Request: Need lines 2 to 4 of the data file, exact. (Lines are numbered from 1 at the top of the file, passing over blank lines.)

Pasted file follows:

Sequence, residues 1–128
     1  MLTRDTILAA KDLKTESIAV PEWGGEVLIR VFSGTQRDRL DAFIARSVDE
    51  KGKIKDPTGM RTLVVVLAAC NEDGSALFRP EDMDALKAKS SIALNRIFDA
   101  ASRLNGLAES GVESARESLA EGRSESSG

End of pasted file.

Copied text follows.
     1  MLTRDTILAA KDLKTESIAV PEWGGEVLIR VFSGTQRDRL DAFIARSVDE
    51  KGKIKDPTGM RTLVVVLAAC NEDGSALFRP EDMDALKAKS SIALNRIFDA
   101  ASRLNGLAES GVESARESLA EGRSESSG